Guest Writer: John J. Zipay
Star Trek fandom is at a crossroads. Nowhere was that more evident than between August 2nd and 6th, 2017 at Creation Entertainment’s Official Star Trek 2017 Las Vegas Convention at the Rio Suites Hotel.
The theme of this year’s convention was the 30th anniversary of the premiere of Star Trek – The Next Generation. Last year’s convention celebrated the 50th anniversary of the premiere of the original Star Trek series. (Next year will be the 25th anniversary of Deep Space Nine, if you’re keeping score).
I fell in love with Star Trek during the mid-1970’s. At the time, WPIX – TV, Channel 11 (11 Alive!), was syndicating the series. It aired at 6 p.m. on weeknights and my grandfather (an Italian immigrant and day laborer) would sit in his recliner on the porch and watch Star Trek after dinner. My Mom and I spent a great deal of time at my maternal grandparents’ house and I quickly became caught up in the adventures of the crew of the Starship Enterprise.
My father took me to my first Star Trek convention in 1978. Star Trek America 1978 was held Sept 2-4, 1978 at the Statler Hilton Hotel in New York. I remember the enormous Dealer’s Room, getting a piece of notebook paper signed by James Doohan (for free!), watching uncut episodes of Star Trek on 35mm film, and hearing Isaac Asimov speak on topics like wormholes and shot glasses full of scotch.
My father may not have understood anything at the convention, but I was profoundly affected. I saw people of every race, people with disabilities, young and old, all united in the joy of Star Trek. Over the years, I went to many conventions, pursued an engineering degree, and have worked for NASA for 32 years (but that is another story…).
At Star Trek Las Vegas 2017, the first day of the convention was dedicated to Star Trek Discovery. The new series will premiere on September 24th and be available in the U.S. on CBS – All Access (on CTV in Canada and on Netflix for the rest of the world). Actors and writers talked about the legacy they were trying to uphold and there were displays of concept art and some of the new props and costumes. Displays showed the Star Trek Discovery logo, characters, and the trailer ran almost continuously on a screen as you entered the convention area.
But there was a troubling undercurrent that was clear as I spent five days in the middle of Star Trek fandom.
I am 51 years old. The fans that watched Star Trek when it was originally broadcast on NBC average about 10 years older than me. My generation came to Star Trek in syndication. Other people I met at the convention came to Star Trek during The Next Generation, Deep Space Nine, and Voyager’s first-run, the three films of the Kelvin timeline (yes, really), and the Netflix, DVD’s, or omnipresent re-runs of the various Star Trek incarnations on various broadcast stations.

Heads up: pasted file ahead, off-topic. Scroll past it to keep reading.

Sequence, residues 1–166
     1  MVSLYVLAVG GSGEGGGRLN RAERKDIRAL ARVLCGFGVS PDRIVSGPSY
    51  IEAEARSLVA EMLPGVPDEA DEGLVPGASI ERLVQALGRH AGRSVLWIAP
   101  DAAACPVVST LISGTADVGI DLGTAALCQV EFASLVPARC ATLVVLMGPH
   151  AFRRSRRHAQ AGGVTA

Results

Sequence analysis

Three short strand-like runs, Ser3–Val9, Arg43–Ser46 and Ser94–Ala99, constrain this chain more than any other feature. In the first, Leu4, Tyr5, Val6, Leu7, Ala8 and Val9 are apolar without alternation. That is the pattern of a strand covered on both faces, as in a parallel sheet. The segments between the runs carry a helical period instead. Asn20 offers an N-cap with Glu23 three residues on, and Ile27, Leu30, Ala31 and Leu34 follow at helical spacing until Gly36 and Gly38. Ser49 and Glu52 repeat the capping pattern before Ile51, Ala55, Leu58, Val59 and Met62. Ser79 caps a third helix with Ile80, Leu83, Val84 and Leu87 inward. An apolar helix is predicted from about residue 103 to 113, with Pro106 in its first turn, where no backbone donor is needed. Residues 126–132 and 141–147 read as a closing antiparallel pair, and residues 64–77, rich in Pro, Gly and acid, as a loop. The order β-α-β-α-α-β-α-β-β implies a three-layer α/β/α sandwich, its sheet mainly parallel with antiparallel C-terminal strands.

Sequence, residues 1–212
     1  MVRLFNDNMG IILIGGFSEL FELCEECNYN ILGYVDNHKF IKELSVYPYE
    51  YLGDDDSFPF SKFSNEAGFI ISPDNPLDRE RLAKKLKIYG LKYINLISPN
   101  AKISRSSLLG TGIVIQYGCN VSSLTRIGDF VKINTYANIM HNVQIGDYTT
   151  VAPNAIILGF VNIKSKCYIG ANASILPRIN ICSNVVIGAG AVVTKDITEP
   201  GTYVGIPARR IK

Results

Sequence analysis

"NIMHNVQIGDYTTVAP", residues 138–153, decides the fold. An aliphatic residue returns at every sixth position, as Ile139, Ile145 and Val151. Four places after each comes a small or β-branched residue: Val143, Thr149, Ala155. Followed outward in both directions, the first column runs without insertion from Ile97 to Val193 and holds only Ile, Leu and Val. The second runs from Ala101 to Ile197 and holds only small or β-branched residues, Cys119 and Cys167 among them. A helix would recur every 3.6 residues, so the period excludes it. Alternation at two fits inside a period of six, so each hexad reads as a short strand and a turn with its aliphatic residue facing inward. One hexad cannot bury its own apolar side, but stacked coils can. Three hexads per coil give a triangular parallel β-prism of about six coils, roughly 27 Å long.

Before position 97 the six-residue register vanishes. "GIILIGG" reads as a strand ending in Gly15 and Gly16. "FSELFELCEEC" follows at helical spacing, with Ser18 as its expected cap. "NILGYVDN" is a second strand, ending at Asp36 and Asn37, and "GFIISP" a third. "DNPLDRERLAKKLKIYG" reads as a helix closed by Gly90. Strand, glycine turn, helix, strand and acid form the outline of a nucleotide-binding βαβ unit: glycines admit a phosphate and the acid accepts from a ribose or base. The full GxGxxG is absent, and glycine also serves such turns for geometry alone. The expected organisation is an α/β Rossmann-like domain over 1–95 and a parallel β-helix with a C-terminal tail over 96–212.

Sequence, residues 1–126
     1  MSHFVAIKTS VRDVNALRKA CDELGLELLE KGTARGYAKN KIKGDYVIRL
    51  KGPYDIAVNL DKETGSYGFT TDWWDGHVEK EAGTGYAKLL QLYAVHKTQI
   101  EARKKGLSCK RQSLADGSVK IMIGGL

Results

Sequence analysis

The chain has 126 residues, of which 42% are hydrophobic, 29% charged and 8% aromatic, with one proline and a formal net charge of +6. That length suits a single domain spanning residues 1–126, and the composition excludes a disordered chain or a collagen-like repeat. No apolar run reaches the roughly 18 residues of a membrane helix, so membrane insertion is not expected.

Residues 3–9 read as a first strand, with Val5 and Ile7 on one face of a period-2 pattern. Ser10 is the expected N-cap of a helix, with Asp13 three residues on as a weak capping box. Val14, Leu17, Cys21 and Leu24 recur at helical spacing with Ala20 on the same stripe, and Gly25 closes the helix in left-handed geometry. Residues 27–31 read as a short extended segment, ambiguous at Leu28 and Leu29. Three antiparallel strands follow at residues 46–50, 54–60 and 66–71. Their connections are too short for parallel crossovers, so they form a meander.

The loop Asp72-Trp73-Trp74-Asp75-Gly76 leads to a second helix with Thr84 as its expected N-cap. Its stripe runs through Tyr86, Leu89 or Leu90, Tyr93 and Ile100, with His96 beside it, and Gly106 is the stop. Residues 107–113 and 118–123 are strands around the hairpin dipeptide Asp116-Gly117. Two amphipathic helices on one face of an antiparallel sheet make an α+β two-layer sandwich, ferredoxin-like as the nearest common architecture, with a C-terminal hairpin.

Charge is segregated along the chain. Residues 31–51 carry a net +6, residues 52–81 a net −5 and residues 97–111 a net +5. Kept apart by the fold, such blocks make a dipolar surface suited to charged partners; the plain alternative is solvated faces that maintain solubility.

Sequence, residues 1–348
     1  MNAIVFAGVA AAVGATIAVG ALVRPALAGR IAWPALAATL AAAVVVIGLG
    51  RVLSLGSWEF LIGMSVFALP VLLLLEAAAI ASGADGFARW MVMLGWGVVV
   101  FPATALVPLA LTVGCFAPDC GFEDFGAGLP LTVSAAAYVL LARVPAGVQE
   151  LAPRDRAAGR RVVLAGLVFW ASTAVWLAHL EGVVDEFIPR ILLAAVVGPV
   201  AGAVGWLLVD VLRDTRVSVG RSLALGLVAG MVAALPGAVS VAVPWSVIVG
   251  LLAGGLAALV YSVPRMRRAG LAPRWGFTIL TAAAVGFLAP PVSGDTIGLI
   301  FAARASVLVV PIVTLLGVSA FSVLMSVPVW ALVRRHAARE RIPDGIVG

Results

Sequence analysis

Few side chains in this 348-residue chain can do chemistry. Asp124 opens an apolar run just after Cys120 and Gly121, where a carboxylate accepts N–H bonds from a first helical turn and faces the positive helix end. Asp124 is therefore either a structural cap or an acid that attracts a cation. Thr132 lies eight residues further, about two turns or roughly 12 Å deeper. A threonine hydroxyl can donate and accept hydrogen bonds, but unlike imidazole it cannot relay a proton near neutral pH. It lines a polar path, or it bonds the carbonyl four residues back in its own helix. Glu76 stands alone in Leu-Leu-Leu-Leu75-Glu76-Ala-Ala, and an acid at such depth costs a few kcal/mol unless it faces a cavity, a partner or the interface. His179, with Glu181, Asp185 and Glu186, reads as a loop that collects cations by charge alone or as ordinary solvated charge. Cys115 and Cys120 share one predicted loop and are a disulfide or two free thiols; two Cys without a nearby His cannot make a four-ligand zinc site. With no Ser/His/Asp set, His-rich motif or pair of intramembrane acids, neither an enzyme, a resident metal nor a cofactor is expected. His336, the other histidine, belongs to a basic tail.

But Star Trek fandom is diminishing. The convention was not sold out and the enormous outpouring of fans and stars for the 50th anniversary convention last year were nowhere to be seen. The usual suspects, Shatner, Takei, Nichols, Koenig, Mulgrew showed up and were entertaining and The Next Generation crew (with the exception of Jonathan Frakes who could not attend) knocked it out of the park. But the entire future of the Star Trek brand is riding on the success or failure of Star Trek Discovery.
Star Trek needs new fans. Star Trek needs millions of new fans all over the world. Star Trek Discovery has the unenviable task of delivering a new generation of fans, not just in America, but everywhere else. The question I asked to many convention goers was, “Are you looking forward to Star Trek Discovery?”
The responses that I received over the course of five days are worthy of discussion and serious consideration. Perhaps the well-publicized issues with casting and production staff have made folks a bit cynical. Perhaps CBS has failed to market the show, which represents a considerable financial investment, effectively to a broad audience. Or maybe, Star Trek as a franchise has run its course.
Some folks hadn’t seen any show publicity, others were cautiously optimistic, a few zealots at the convention were absolutely thrilled that there will be a new series. There was a sneak preview of some concept art and costumes and it was clear that the production design is impressive. But there was no great wave of enthusiasm. Some took umbrage at having to pay for CBS All Access to view the show. Others answered my question with a nonchalant shrug.
This may not bode well for the future of Star Trek. The groundswell of Star Trek fandom in the 1970’s preceded the Star Wars phenomenon and was the reason why the original cast (except for Leonard Nimoy) was rescued from Promise Margarine commercials and schlocky science fiction films to give us six movies and resurrect the franchise. There was not a lot of thrill among fandom at this convention when it came to Star Trek Discovery.
Star Trek is difficult to write and produce. Star Trek Discovery has generated negative buzz with the revelation that the lead is Spock’s, heretofore unknown, half-sister. Others hoped that the new series would have a post- Star Trek Voyager timeline. Still others criticize the depiction of the Klingons.
It seems that every person has their own mental vision of what a new Star Trek series should be. Star Trek Discovery will not be the greatest series ever put on television and it will struggle to find its place in the hearts and minds of fans. The production values appear spectacular and everyone involved understand the stakes. I left the convention wondering of the fans understand the stakes. There is no fourth movie in the Kelvin timeline on the horizon and if Star Trek Discovery fails, I may have attended the last big Star Trek convention. Only time will tell if one of the most groundbreaking story-telling mediums has reached its final, natural end.